a future in which my father should at length But one thing I do know, though I do not stand on the height towards which he had long think it was that which made his writings un- toiled; while I-. But who cannot tell what acceptable to men,-all his ideas, and dreams, and a young girl's dreams would be, breathing as hopes were based on sand, because they rested on I did the atmosphere of chivalry and romance the foundation of man's wisdom, not of God's in my favourite books! Dreams indeed !-airy truth.
nothings ! — bright and beautiful as a sunset cloud, radiant with the rosy hues of hope, and majestic presence of her holy Son? But all was fading as soon! A day came when I was to so misty, so vague to me. Then I remembered wake suddenly.
(somehow I had forgotten, or rather not thought It was my birthday, my last birthday-only twelve of it for long,) that for the last few months, or it months to-day-that the awakening came. How may have been years, of her life, she did not go as it all comes back to me, from my opening my before to mass or confessional so regularly as eyes to the consciousness of the flood of sunshine Father Lefèvre wished; and I know he was pouring into my room and lighting up the dark angry with her about it.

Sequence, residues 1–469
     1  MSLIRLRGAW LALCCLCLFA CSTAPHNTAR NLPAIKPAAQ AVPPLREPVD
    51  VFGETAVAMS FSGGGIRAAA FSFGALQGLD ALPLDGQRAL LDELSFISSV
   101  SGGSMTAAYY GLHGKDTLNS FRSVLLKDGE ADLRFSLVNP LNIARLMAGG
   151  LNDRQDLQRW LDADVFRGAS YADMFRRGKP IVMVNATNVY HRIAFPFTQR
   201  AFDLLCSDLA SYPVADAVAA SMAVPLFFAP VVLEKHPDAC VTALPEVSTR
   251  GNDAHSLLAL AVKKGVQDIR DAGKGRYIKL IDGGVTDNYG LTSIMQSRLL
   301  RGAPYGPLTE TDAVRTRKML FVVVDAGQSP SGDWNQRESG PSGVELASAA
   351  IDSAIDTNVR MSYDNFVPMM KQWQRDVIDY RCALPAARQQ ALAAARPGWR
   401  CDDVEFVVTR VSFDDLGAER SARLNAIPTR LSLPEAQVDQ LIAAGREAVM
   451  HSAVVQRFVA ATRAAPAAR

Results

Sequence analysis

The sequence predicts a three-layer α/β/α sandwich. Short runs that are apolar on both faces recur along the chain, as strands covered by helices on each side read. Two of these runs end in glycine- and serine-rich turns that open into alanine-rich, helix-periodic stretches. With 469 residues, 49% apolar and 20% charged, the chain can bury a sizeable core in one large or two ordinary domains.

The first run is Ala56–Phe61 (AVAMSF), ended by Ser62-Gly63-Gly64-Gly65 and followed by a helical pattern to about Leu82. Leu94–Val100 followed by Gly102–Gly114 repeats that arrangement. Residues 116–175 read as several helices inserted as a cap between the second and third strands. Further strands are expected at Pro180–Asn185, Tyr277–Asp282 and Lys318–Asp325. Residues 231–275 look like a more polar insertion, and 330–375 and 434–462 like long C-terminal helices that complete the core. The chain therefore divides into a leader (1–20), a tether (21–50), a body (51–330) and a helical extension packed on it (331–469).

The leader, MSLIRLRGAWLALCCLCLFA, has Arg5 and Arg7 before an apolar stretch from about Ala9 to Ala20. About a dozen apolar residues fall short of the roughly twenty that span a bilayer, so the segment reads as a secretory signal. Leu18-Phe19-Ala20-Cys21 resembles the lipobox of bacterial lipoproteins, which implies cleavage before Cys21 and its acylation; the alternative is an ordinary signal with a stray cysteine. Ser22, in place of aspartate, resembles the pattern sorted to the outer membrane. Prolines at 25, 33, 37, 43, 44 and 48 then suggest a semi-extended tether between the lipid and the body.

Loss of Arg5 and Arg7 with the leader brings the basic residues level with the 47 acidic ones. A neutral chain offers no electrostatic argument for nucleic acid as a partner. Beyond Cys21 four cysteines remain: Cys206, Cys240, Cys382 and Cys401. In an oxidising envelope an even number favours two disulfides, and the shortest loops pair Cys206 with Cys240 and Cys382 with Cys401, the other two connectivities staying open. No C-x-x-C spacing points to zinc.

angry with her about it. But then she was very red roofs of the village on the hill-side, even as it weak and ill. And then flashed upon me the was illuminating the city spires this morning! words that had so roused my childish wonder,From my window I looked on the village, nestling “In heaven, whatever the priest might say!” close among the woods; the latter stretching far Yes; I was sure of it. But heaven seemed to right and left, with the gray towers of the very distant; a strange, far-off place, fenced off stately Château de Maurence rising above their from my sight by a dazzling barrier of awful vivid and varied tints of green, the mountain glory, and my heart yearned after the lost presence towering high above; and nearer, nearest of all, which had once been so precious to me. Should the little gray church, and the white marble cross I ever rejoice in it again ? How should I ever on my, mother's grave. The latter was always win those shining heights? God was so severe visible, but as I leaned through my window, and and terrible a judge—so very hard to please, and felt the soft breeze on my face, wafting up the I had never even tried to please him,-how should dewy fragrance of the flowers and opening buds, I begin ? bearing in the joyous carolling of birds, and the I strove to turn from these painful thoughts by busy humming of insects, my eyes were fixed recalling the days when my mother was on earth, upon it, and my thoughts turned with unwonted and of earth, when no impassable gulf divided us. intensity of remembrance to her who had so long Vividly rose before me the pale, sweet face, so been gone from our midst, so long lain unconscious lovely in its faded beauty; the large, dark, wistful of the beauty and gladness and life that had eyes, whose sad, far-away look, would change for awoke round her resting-place as spring after one of such deep tenderness when they met mine; spring came round.